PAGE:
Toledo Streets Newspaper - Lengthly Mellencamp Interview & Public Service Announcement
08.08.2010 - In 2007 John visited a tent city in Toledo, OH raising awareness of the homeless which sparked the founding of 1Matters.org. John has continued his support not only for 1Matters, but all of those who have lost domestic autonomy in our nation.
During a recent concert stop nearby Windsor, ON, John Mellencamp sat down to talk with 1Matters’ Ken Leslie on behalf of Toledo Streets Newspaper to talk about homelessness, music, and progress.
To most people the “homeless” are nothing more than vague faces of poverty
reflected in the mirror of a society afraid to even look, much less help.
Over a career spanning 25 albums John Mellencamp has written about who he is.
Then, more importantly, John Mellencamp has always walked his talk. This is
Thrust into superstar status by the music machine in the 80’s, he got a taste of
the soulless part of the music business. So he said “Whoa, screw that! That’s
not who I am, ‘Cougar’ out!”
Rejecting this money-making machine, his walk tells us he cares more about
people than money. He has always worked for those without a voice. Everyone
matters! That’s why John did this interview.
There were no conditions for this interview, nor the public service
announcements for 1Matters and World Homeless Day, October 10th. None. He
literally said, “I will do what ever you need.” Complete unconditional trust.
Why here instead of the mainstream press which would have garnered much more
publicity? His single and absolute intent here is to talk to those in the middle
of the struggle directly. His hope is vendors of street papers worldwide, having
an exclusive interview no one else has, will achieve financial and domestic
His hope is each one of the 640,000 people on the streets of the United States
and in its shelters on any given night never give up. He hopes they do whatever
hard work necessary to overcome any and all obstacles between themselves and
His hope is all reading this interview will support your local street paper with
your time and dollars. If there are none in your city, you can direct your
support to the North American Street Newspaper Association (NASNA). Your support
today allows us, those currently and formerly on the streets, to encourage each
other and share the hope of our successes in one collective voice.
These are his hopes.
Because every 1Matters.
“Oh, but ain’t that America for you and me;
Ain’t that America, somethin’ to see, baby;
Ain’t that America, home of the free…
Little pink houses for you and me.”
- Little Pink Houses –
Ken Leslie: On behalf of 1Matters, Toledo Streetsand the street paper movement,
and everyone who has lost domestic or financial autonomy in our country, thank
you for your time today.
We first met two years ago or so when you made an un-promoted stop at the annual
Tent City, Project Homeless Connect in Toledo. You just wanted them to know they
matter. Bob Merlis (Mellencamp’s publicist) told me you were touched by the
experience. How so?
John Mellencamp: When you see what progress can produce, and also what progress
can discard, it makes a feller wonder if some of the progress, let me put it
this way, calling it progress does not make it right.
In this country right now there is no middle class, no place for middle class.
You are either really rich or you are really down and out. It’s hard times in
this country right now.
KL: You brought your wife Elaine and son Speck with you to Tent City.
When you had your private talk with some of the unhoused, at first Speck stood
back, but by the end of your conversation he was in the circle listening to
every word. Compassion is a pretty cool thing for a father to pass on to a son.
Did he share his thoughts on the experience before and after? JM: I don’t remember exactly, but I will tell you he is a very activist type of
kid. I found that out when he was pretty young. He did some research at school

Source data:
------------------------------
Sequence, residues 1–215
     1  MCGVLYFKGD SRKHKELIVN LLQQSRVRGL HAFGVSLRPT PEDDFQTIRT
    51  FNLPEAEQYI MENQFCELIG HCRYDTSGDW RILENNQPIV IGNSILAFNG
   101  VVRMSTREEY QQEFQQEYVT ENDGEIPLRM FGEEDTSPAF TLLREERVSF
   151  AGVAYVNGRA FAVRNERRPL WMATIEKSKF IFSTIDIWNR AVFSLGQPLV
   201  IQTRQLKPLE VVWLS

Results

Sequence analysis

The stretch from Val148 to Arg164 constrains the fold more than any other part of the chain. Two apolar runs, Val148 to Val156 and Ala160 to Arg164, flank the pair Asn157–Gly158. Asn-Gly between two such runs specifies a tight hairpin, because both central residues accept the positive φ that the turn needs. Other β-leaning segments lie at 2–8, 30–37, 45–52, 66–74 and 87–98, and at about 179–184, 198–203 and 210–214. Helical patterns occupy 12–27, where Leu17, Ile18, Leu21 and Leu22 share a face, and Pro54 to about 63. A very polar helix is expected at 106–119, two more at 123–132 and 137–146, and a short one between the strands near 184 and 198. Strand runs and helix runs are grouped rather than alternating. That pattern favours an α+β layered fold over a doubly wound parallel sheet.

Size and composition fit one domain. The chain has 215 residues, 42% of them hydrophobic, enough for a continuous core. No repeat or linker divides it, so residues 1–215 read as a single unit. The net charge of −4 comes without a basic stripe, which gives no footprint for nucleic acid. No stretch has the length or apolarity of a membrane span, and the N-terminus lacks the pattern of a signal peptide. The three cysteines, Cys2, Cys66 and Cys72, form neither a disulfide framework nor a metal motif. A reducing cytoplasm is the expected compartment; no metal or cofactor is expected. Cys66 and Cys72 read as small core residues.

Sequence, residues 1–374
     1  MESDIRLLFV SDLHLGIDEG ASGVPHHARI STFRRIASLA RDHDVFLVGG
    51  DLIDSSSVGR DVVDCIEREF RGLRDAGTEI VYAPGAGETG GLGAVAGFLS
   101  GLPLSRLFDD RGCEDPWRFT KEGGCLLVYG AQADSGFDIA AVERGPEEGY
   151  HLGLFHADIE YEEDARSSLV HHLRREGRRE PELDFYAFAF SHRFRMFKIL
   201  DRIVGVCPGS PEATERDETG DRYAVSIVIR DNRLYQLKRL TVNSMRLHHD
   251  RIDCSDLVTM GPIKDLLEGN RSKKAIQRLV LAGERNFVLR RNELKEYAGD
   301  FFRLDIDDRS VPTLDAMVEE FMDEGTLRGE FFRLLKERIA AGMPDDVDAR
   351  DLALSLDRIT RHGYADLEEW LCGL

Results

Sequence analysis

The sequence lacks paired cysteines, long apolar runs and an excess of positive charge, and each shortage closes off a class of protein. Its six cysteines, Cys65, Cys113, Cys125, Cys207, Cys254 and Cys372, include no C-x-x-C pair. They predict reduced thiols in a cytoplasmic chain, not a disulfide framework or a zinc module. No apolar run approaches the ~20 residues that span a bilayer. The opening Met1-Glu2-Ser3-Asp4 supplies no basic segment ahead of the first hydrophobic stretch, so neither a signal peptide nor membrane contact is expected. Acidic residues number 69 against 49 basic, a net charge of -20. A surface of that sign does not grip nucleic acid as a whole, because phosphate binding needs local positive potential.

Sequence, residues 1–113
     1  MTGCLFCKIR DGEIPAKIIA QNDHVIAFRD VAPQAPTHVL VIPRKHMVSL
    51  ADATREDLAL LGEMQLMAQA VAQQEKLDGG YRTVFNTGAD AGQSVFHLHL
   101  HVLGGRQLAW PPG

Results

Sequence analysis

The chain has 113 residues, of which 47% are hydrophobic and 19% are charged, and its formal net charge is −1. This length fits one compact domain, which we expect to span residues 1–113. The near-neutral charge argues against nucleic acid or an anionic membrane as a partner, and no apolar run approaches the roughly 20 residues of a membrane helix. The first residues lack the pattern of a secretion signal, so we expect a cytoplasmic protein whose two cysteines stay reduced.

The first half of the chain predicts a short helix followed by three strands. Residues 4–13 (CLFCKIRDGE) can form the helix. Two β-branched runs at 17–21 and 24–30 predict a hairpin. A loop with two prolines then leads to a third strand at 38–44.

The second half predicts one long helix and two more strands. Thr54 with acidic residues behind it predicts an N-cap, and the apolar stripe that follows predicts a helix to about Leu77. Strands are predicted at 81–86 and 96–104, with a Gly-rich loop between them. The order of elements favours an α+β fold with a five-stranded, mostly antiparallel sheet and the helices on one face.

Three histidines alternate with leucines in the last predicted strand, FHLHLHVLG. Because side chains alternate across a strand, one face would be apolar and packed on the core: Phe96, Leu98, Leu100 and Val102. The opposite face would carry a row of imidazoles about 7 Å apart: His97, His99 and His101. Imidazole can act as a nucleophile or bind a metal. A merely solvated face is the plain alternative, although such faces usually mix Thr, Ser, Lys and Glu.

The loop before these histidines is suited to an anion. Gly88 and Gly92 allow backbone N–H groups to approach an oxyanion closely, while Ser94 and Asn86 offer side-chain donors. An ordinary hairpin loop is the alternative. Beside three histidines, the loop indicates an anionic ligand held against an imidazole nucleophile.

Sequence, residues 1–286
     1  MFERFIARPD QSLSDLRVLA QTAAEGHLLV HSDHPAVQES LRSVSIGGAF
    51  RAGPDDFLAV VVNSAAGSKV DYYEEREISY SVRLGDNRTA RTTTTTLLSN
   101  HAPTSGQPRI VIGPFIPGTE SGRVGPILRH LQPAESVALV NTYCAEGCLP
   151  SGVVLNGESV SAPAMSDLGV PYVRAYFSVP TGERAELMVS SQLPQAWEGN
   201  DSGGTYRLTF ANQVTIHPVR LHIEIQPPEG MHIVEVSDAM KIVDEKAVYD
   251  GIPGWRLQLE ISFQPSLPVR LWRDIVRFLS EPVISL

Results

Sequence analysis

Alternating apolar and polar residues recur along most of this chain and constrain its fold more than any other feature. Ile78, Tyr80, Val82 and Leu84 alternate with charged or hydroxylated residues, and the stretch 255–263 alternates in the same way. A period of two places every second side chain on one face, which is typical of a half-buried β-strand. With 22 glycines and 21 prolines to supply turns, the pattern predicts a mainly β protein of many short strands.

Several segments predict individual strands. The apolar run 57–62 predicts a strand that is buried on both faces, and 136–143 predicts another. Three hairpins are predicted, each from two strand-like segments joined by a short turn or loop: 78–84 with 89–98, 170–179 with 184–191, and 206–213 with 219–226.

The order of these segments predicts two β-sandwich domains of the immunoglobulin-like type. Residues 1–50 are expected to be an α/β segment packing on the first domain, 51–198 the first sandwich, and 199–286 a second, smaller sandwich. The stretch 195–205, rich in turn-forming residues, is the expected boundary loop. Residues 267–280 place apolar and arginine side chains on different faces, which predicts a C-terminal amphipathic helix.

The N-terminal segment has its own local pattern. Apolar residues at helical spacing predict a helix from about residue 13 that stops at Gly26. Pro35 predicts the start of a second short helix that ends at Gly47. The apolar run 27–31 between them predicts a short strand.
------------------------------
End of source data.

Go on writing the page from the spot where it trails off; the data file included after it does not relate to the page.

on some chocolate company and he wrote them a letter and it said, “You
cheapskates, why don’t you hire and why don’t you pay fair, ya so-and-so.” And
he almost got me into trouble last year, too.
KL: How so? JM: He had a petition on Facebook to try to get me to stop smoking. He
had, I think, about a half a million people sign up and he had to get a million.
The whole conversation was just at Thanksgiving last year. We had completed our
Thanksgiving dinner and I lit up a cigarette at the table. He looked at me and
he went like, “Really, Dad?” And I said, “What do you mean, ‘Really Dad’, I
smoke all the time?” And he said, “Yeah but it’s Thanksgiving, I’m not done
eating.” I said “OK, I’ll go somewhere else; it’s a big house.” So I went into
A couple hours later he walks up and said, ”Hey Dad, if I get a million people
to sign up on Facebook would you stop smoking?” And I said, “Yeah, go ahead.”
That was the end of the conversation.
By the time the thing had started, ya know, a couple weeks into it, Larry King
wanted him to come on, Good Morning America asked him, and of course I wouldn’t
let him go on anywhere. First of all, I don’t want him talking about my bad
habits; and second of all, ya know, I knew he’d reach his mark.
KL: And then what? JM: And then I’d have to stop smoking.
KL: Would ya? Have you tried? How many times have you tried? JM: Listen, I have no desire to stop, so there’s no reason to even have
that conversation. If I would have wanted to stop smoking I would have years go.
KL: Took me like 32 times of quittin’ to finally do it. JM: Yeah, well, you wanted to stop. I’m confirmed.
KL: And your other son Hud? JM: He’s 16 years old and he fights tomorrow night.
KL: Boxer or Extreme? JM: Boxer. He holds five state championships right now. He just got back
from Annapolis. They want him to be a boxer for them and he went up and trained
for two weeks.
KL: Was that nerve wracking to see him box? JM: No, I know how much Hud trains, he’s ready to fight. His record is
20-2. He’s a bad-ass, I can tell ya that.
KL: Did you ever box? JM: No, I could fight in the street, but this is a sport to him, he’s
very good at it. I’m proud of them both.
KL: When you were on stage at Tent City, you spontaneously decided to
invite everybody there to your concert, all of the unhoused people. JM: Right.
KL: 60 – 70 people went and I understand you talked to them from the
stage about hope. As you know, one of the guests came back from the show and
said “Ken, John talked to us from the stage – I guess I really do matter.” That
was the founding moment of 1Matters and actually that’s why we’re here today.
Your whole career, you’ve had the compassion for and worked for those with